As we approached the end of the last century, there were a lot of concerns over the serious issues that surrounded the looming Y2K problems. Nobody knew exactly what to expect on January 1st in 2000. General opinion held to the notion that Y2K related problems were going to cause the failure of many basic services, like phone, water, and utilities. In contrast to popular opinion, I believed that those problems would show in a much more positive light. I thought the whole situation would cause society to take a more analytical look at how we did business, including our data and technology that we used on a daily basis. Additionally, this new millennium, I believed, would usher in an era of huge opportunities for new technological advances. I believed that the preparations put in place at that time for averting the Y2K crisis, would give us an advantage that would lead to a minimizing of future technological breakdowns, and usher in some new technology that would ensure a veritably smooth transition to this new millennium.
My main focus and concerns over the Y2K crisis, was the fact that we knew exactly when it was scheduled to start. It was said that our appointment with destiny could not be avoided or postponed. During the last 18 months leading up to Y2K, we were bombarded with loads of information from the media, stating wild predictions about the impact Y2K would have on our society. The entire problem begins about 40 years prior to Y2K, when programmers in the then ‘new computer industry’ managed to make a fateful decision. They decided to save space and memory by recording the dates of the year with only 2 digits. Sadly, nobody anticipated that those early mainframes and computer programs would have been using those systems still when we got to 1999. The result was an expectation that this technological glitch was going to cause all computer software using just 2 digits to identify its year, to actually misinterpret that “00” and define it as being ‘1900’ instead of ‘2000’. I remember it well.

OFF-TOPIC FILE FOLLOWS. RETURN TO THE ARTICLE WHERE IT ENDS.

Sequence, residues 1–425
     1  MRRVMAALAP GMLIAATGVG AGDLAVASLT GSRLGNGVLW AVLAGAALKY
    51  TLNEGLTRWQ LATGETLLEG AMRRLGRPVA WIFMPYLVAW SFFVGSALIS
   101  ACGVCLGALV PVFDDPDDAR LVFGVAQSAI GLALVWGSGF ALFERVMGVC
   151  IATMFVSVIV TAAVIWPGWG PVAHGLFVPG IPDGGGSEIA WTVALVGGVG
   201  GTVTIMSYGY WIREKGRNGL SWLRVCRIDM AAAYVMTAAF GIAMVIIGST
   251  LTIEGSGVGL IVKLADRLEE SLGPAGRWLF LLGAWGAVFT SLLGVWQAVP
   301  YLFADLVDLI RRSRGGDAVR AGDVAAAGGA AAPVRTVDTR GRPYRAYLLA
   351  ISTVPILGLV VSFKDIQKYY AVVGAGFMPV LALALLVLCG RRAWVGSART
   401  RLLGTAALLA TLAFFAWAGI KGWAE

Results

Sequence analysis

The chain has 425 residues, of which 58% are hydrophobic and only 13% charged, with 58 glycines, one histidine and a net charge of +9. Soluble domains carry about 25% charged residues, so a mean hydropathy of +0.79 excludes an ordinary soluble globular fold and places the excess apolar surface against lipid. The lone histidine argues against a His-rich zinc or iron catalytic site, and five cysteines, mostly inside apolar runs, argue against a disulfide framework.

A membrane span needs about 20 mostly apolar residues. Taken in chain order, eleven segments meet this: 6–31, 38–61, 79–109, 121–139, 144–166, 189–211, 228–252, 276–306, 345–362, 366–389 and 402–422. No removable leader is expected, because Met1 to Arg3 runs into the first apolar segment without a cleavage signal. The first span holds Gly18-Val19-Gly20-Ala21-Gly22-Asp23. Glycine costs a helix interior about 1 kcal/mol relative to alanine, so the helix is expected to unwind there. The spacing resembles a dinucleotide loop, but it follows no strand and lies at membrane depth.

Overall, there were significant improvements made during the 18 months that led up to the Y2K experience. That proved to stem some of the impact of the problems that were being predicted. In the light of all the potential disruption that the year 2000 was supposed to experience, our government was providing encouraging information regarding the status of its agencies, that assured the public that almost all of the financial institutions and the utility companies were Y2K compliant. Then the Energy Secretary went on the Oprah Winfrey show, on November 29th, and stated that very sentiment again. Even though he stated that utilities were 99% Y2K ready, the possibility remained that around 26 utilities out of the 3,000 were not Y2K compliant. That meant there was a chance that some communities would experience power failures. In addition to that, 99.9% of all the financial institutions were ready, but about 5 banks out of 10,000 total were not ready. We were also told that banks were not going to run out of money because there was a surplus of over 50 million dollars being printed in anticipation of an increased cash demand just before New Years Eve. The banks themselves recommended that if people were expecting to make large withdrawals, they should do it before December 31st to avoid adding to the excessive transaction numbers on that day, and keep from overloading our banking system.